Finding value in an ‘overpriced’ market after the Pandemic disaster–SurprisingV-turn recovery is a tough task.
The miraculous recovery in the Bourses for the last few months has been unprecedented and unique. The investors are really flabbergasted to find the markets are scaling new heights day in day out. Naturally the market over-heated .While the Bulls are delighted and reaping the harvests, the Bears are awaiting a great bubble to burst. Will it happen is a million-dollar question. But the fact remains that many shares have seen new peaks and FIIs, DIIs and HNIs wonder whether this will sustain as the valuations are quite high in some cases unreasonably so, without reflecting the real and intrinsic value of them. For the last two days the markets have slided substantially and the fact that the FIIs have been net sellers proves our apprehension as above. The PE ratios are surging to unprecedented levels and hence investors will be wise enough to leverage the present hike in valuations by booking the profits and calibrate their investments in a way that there is no big capital erosion even after the markets see a free-fall as being expected by some Bears. The FIIs and Fund Managers also of the opinion that this market will not sustain for long as the valuations are too high uphold.Hence investors will play the game with helmet or safety-gear on during the few weeks to come. Even Global equities have been on a tear since the market bottomed out in the wake of the onset of the COVID-19 pandemic. Experts said the market crash early last year would -problem caused the crash. And yet, the ferocity of the bounce back surprised many and naturally so.
Valuations are a function of two things. Expectations of future earnings and the risk-free rate. Remember that earnings themselves are partly a function of the risk-free rate. Low hurdle rates and cost of capital for companies means more propensity to invest and earn. The expansion in valuations is visible in all key metrics:PE, price-to-book, price-to-sales. Valuations of startups too edged up sharply. This was evident in deal counts, ticket sizes and the number of IPOs that hit the market.
The pandemic affected the stock market in two ways. One, lockdowns imposed to tame the pandemic had a varying impact on sectors. Tourism, hospitality and aviation saw business fall off a cliff overnight. While digital transformation, according to some experts, advanced as much in three months as it would have in five years.
But there was a second, bigger impact. In their pandemic response, governments launched their most potent policy tool: money printing. A McKinsey report says in the first two months, governments put over $10 trillion into their economies. “For some countries, their response as a percentage of GDP was nearly ten times what it was in the financial crisis of 2008–09,” the McKinsey report says.
The combination of low rates, quantitative easing, credit guarantee schemes andstimulus checks resulted in a massive liquidity wave. Which likely found its way into markets, both public and private. The resulting stock rally meant that valuations became the highest they have been in a long time. For instance, Nobel Laureate Robert Shiller’s cyclically-adjusted PE (CAPE) ratio is the highest it has been in 150 years, except for a parabolic burst during the dotcom bubble.
A new market? This begets the question: What does this mean for investors, both old and new?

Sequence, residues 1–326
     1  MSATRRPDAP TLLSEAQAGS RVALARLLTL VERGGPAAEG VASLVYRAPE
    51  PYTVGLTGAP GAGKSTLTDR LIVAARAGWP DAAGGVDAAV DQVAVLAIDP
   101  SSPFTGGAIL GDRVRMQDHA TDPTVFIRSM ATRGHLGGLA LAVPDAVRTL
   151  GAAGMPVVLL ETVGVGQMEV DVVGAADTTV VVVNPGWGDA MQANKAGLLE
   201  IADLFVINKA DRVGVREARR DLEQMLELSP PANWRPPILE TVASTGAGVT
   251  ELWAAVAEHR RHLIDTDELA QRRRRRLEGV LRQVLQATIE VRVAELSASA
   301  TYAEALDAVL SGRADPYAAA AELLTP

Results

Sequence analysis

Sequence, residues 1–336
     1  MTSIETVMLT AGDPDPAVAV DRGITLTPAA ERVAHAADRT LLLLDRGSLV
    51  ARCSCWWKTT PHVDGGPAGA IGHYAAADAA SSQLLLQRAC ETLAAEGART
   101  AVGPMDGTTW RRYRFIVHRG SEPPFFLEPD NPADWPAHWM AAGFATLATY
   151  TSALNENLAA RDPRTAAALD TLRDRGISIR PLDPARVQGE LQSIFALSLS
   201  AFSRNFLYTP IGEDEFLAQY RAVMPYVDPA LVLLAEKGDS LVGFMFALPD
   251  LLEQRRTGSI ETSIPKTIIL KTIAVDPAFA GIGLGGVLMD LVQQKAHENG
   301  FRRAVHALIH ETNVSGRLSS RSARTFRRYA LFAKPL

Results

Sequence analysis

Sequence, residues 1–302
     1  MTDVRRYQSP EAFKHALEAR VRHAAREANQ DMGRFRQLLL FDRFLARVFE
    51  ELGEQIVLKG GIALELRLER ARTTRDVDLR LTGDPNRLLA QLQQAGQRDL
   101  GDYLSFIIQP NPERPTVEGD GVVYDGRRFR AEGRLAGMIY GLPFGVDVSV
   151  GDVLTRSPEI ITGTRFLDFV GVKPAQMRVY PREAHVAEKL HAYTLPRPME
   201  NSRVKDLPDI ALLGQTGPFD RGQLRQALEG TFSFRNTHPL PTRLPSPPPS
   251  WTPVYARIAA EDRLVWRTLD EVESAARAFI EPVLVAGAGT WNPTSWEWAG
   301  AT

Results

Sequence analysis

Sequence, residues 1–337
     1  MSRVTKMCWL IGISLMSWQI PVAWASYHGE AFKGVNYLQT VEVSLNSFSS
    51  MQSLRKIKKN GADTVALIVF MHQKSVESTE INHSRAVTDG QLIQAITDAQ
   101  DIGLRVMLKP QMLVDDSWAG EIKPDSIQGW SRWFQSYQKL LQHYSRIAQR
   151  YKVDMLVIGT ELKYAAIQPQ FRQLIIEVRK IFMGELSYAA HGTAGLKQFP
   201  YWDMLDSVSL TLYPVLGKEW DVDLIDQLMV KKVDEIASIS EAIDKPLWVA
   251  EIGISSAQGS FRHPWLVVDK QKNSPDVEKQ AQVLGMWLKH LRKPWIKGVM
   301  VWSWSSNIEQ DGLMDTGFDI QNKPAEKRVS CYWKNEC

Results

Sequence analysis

So, when the market is trading at steep valuations, it is factoring in a sharp pick-up in earnings in the years ahead. Investors expect that such a catch-up would normalize valuation ratios. Low rates also skew risk appetite by moving capital away from fixed income and into equities. (See below chart for the historical Fed Funds Rate).Such policies can make investing look a bit more daunting. For instance, value investors struggle to reconcile valuations with their own earnings outlook. An investor trained in the school of Graham & Dodd would want to pick stocks at the lower end of the PE ratio. But today, they would be hard-pressed to find a bargain.
What would Buffett do? This is clear in the approach followed by Warren Buffett, Graham’s greatest disciple. Today, Buffett’s Berkshire Hathaway is sitting on a cash
pile of about $150 billion. Unsurprisingly, Berkshire’s stock has been underperforming the market for a long time. But one can look at Buffett himself to look for cues on how to approach this market. His investing approach has changed both over the course of his career, and over the past few years. For instance, Buffett cites one important reason for his success. His partner Charlie Munger nudged him from looking for average companies at great prices into buying “great businesses at fair prices”. This change allowed Buffett to pick up and stay invested in the likes of Coca-Cola and Gillette. Two, even Buffett has realized the importance of investing in technology businesses. This is seen in his purchases of IBM and later, Apple.
Conclusion ; The takeaway from all this is clear. Stock prices have been trading at elevated levels. And it’s always difficult to predict what they will do in the near term: go up, down or remain sideways.
But if you are an investor, you must approach investing with guarded optimism. And these three rules will likely hold you in good stead. 1: Technological disruption is here to stay. 2: Great businesses will continue to do well, irrespective of the economic environment. And 3: thanks to global fiscal policies, economic cycles have likely become sharper. And risks of Black Swans have risen. As investors, you will need to stay the course. But be more vigilant not only towards threats but also opportunities.